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High expectations, familiar surroundings for Woods

Tiger Woods knows what's ahead, and he knows Firestone is a good place to start.

AKRON, Ohio - In the days after squandering a chance to legitimately compete for the British Open title and slipping to finish in a tie for sixth, the world's top-ranked golfer traded his golf clubs for swim trunks and went to the Bahamas with his children. 

Even when he's not on top of his game, it's still good to be Tiger Woods. 

He's back to work this week. After a stop for a practice round at Oak Hill, site of next week's PGA Championship, Woods arrived in Akron on Wednesday for the World Golf Championships Bridgestone Invitational at Firestone Country Club, a tournament Woods has won an astounding seven times. 

Following a prestigious tournament he knows he can win comes an even more prestigious tournament Woods desperately wants to win to get his first major championship in five years. 

"Looking back on (the British Open), as I was saying on after it, the only difference is I just didn't get the feel of those greens the last few days," Woods said. "I didn't make the adjustments.  That's my fault for not making the adjustments.  You've got to make the adjustments and I didn't do it and consequently, I didn't win the tournament.

"Physically I'm good. I don't have as much energy as (his children) Sam and Charlie, but I feel pretty good."

The 37-year-old Woods picked a good week to chase his kids and rest for a crucial stretch. 

Most of the world's top players joined Woods in taking last week off to prepare for this, the PGA and then a stretch through August and September that also includes the Barclays, the Tour Championship and, for the very best players, the Presidents Cup in Dublin, Ohio, in the first week of October.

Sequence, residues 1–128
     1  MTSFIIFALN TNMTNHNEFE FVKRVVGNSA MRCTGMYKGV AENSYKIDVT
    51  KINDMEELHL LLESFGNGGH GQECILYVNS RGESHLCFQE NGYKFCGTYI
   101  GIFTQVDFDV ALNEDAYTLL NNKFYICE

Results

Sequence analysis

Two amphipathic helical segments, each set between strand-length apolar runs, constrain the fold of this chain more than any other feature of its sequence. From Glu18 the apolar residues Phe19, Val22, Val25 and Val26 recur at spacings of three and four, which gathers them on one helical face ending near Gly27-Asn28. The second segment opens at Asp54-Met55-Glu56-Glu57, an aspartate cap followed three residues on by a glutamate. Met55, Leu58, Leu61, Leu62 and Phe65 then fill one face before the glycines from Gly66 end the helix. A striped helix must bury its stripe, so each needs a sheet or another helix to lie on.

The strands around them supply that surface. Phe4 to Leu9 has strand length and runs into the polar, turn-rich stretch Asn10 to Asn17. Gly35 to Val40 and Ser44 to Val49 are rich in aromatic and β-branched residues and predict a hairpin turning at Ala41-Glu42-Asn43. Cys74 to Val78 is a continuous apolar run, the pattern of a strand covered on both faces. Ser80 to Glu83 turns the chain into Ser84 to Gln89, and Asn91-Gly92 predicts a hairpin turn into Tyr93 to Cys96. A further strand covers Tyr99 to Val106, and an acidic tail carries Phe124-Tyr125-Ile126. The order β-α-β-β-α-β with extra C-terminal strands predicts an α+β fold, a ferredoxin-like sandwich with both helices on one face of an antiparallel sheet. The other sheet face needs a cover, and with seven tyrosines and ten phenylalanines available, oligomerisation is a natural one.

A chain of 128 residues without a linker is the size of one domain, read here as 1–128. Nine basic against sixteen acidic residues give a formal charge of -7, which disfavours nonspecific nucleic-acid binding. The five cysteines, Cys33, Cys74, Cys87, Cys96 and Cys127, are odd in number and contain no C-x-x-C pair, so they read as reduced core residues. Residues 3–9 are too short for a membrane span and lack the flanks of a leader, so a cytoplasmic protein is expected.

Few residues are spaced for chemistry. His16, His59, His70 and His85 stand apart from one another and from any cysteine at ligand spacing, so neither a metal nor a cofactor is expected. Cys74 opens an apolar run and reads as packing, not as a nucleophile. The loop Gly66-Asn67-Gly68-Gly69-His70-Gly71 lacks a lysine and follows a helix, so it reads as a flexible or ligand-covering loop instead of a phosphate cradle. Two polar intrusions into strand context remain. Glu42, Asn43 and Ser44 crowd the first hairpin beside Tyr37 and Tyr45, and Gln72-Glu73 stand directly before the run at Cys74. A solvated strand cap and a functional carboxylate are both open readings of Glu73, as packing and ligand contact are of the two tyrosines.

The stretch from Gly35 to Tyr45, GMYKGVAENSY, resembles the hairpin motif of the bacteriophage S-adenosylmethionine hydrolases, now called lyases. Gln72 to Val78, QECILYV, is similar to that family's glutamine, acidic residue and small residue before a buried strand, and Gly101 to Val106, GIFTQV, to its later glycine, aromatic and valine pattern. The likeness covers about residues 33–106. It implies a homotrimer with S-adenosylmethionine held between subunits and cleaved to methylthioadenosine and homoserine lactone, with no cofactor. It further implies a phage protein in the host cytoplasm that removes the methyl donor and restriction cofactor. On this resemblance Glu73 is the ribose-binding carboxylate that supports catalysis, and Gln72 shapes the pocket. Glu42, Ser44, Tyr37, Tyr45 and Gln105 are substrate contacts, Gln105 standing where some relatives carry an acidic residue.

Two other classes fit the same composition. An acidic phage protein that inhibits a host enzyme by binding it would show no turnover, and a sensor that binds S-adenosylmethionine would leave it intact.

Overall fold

"I think a break is important, especially with two big tournaments with a major on as the second one (coming up)," Woods said. "A lot of us are basically playing five out of six weeks. It's a lot of golf at the end of the year, and that's one of the reasons why some of the guys don't play as much in the summer is to save your body and mind for this stretch, because it's a long haul from here through the Presidents Cup."

Woods has won four tournaments this year, most recently the Players Championship in May, and remains the game's No. 1 player ahead of longtime rival, new No. 2 and British Open champion Phil Mickelson. Forty-eight of the top 50 players are competing at Firestone this week following the withdrawal of Hunter Mahan, who left last week's Canadian Open for the birth of his son.

With 78 career wins, Woods still trails Sam Snead's all-time record of 82 PGA Tour victories by four. He's won 17 WGC events in his career but just one since 2010, the Cadillac Championship earlier this year. He won the Bridgestone in three consecutive appearances in 2006, 2007 and 2009, and after two down years tied for eighth last year. 

"I've had times where I haven't played well at all coming into this event and for some reason it turns it around," Woods said. "Sometimes I've played great coming in and it's continued.  This is one of those courses where, for me, over the years, I just have felt very comfortable on, and I think my record has been pretty good here."

Seven wins on any course, especially in a tournament with a prize pool of $8.5 million, would qualify as pretty good. Woods has different standards for himself, and though he visited Oak Hill en route to Firestone, he'll tee off Thursday morning alongside 21-year old Japanese sensation Hideki Matsuyama looking not simply for a good showing but one that can help him stake his claim to the WGC-Bridgestone's $1.4 million top prize. 

It's good to be Tiger Woods. And Woods always expects the best from himself.